She's got the eyes of the nation on her now, so you can bet Sarah Palin's name will be popping up on blogs of every description. What you might not have expected, however, was to see her featured in a blog about libraries.
But two days ago, less than a week since many of us heard her name for the first time, there she was, in Jessamyn West's librarian.net blog. West was writing about a Time magazine story that asked whether Palin had expressed an interest in censoring books in the town library while she was mayor of Wasilla.
The Time story suggests that Palin may have threatened to fire the town librarian for saying that censorship would be unacceptable, but subsequent news stories (such as a recent posting by the Boston Herald) don't seem to support this notion. According to the Herald, Palin did ask the librarian, Mary Ellen Emmons, questions about censorship and Emmons responded by saying that any form of censorship would be entirely inappropriate.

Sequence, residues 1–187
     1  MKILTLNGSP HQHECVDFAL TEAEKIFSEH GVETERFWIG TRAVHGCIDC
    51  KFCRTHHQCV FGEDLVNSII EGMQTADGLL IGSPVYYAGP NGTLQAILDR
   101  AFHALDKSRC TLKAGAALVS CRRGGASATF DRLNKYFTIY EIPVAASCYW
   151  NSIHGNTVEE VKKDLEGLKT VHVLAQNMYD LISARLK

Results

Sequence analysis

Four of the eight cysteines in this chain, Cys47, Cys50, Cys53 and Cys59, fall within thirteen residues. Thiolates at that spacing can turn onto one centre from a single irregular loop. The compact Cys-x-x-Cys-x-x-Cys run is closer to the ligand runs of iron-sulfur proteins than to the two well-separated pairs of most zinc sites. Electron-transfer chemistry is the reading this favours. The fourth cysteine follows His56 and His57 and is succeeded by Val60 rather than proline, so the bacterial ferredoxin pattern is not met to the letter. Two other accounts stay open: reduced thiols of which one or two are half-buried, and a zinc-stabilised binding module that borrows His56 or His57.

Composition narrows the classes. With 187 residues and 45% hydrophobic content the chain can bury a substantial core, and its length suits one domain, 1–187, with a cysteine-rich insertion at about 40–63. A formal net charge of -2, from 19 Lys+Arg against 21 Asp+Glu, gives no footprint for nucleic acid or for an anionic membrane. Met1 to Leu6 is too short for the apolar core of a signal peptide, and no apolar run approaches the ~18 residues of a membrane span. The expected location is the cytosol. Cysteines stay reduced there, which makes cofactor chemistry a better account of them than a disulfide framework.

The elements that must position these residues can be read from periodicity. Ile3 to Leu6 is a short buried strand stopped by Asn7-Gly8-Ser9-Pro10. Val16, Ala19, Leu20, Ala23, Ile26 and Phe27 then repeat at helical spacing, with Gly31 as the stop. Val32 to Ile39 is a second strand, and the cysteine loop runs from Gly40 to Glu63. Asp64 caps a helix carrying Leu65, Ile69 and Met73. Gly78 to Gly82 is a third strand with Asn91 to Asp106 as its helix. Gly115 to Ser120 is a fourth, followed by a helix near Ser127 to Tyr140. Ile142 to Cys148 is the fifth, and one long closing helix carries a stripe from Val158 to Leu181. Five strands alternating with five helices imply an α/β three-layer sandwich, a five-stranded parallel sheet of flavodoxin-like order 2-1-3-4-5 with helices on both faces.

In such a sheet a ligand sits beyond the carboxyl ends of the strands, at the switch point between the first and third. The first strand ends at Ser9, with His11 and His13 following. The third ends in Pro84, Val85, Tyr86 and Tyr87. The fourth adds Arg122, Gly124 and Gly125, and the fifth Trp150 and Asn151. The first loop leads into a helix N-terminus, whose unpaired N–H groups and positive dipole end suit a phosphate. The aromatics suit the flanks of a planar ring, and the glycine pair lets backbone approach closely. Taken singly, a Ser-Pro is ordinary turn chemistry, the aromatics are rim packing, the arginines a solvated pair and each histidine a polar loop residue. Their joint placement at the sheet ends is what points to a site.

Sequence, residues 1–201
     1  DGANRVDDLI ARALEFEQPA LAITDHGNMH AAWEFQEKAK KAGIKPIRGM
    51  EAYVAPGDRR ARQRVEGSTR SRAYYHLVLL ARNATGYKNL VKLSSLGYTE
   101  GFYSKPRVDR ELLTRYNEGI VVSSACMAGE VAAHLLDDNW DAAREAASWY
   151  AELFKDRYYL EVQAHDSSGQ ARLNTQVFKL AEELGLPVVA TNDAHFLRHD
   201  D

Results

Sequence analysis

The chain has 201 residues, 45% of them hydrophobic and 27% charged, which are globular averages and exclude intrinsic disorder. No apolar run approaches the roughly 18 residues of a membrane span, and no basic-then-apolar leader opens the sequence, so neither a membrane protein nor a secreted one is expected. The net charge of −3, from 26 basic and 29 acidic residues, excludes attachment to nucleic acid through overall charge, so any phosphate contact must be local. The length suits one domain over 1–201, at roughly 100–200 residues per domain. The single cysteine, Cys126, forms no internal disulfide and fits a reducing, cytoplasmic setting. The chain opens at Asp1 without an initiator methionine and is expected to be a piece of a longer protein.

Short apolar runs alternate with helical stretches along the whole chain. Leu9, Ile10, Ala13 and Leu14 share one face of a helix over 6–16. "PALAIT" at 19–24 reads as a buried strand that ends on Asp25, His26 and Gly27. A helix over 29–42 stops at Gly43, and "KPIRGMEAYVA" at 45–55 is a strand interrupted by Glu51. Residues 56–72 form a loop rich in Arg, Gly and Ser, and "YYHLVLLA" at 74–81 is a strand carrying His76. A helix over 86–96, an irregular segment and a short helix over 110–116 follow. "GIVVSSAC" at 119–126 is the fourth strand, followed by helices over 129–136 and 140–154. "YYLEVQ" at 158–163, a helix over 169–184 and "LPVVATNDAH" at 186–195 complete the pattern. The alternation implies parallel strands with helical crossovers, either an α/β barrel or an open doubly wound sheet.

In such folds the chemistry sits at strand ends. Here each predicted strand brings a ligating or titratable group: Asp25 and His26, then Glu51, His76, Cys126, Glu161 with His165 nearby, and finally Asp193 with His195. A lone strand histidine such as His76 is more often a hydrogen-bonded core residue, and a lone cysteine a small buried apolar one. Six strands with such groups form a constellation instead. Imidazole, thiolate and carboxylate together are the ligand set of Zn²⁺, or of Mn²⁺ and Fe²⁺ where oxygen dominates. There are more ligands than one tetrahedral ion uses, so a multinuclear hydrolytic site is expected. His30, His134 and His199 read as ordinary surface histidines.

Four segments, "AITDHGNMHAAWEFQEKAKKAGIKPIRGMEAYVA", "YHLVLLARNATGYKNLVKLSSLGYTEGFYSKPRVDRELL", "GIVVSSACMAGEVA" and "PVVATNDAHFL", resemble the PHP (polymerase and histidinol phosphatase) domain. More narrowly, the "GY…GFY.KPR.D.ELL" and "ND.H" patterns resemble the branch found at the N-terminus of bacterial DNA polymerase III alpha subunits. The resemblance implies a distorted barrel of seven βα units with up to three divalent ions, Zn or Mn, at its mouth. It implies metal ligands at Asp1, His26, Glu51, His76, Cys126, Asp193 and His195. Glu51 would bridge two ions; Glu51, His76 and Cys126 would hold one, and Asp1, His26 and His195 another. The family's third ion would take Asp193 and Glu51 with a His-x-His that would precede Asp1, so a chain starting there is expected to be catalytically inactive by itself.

Palin later attempted to fire Emmons (along with other public officials) but there is no evidence that the attempt to remove Emmons was related to the censorship question.
Palin later relented. Emmons kept her job only to resign at a later date.
Nor does there seem to be any evidence that any books were actually banned from the Wasilla library.
However, for librarians it's an uncomfortable topic. "Usually I’m just happy to see libraries even mentioned in national level politics, but not like this," writes West.
But it will perhaps be good for all of us to engage in a discussion about the whole notion of censorship. It could make for a very lively time on Sept. 27 when we arrive at Banned Books Week.